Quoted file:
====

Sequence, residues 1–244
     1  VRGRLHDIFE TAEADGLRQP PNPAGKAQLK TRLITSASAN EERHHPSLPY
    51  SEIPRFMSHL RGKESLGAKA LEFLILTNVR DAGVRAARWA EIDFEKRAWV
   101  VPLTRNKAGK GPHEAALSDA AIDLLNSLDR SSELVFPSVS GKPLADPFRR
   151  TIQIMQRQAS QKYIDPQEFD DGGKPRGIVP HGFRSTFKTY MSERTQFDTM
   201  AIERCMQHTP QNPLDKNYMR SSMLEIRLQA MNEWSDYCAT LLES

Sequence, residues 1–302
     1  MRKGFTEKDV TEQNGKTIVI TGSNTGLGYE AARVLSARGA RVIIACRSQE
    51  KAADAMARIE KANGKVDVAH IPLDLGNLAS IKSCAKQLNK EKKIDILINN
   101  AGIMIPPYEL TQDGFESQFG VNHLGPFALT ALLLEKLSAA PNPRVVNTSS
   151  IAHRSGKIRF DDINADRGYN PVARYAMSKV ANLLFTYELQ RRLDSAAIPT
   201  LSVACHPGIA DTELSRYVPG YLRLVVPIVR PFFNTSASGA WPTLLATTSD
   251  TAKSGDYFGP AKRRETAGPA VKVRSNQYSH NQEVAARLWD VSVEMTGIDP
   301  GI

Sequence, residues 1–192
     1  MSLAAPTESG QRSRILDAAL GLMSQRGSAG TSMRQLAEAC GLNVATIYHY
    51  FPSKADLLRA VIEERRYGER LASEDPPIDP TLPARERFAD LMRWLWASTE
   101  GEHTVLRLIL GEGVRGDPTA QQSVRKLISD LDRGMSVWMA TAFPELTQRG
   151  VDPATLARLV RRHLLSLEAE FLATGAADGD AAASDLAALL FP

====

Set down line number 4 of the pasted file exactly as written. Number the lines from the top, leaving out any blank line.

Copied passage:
   101  VPLTRNKAGK GPHEAALSDA AIDLLNSLDR SSELVFPSVS GKPLADPFRR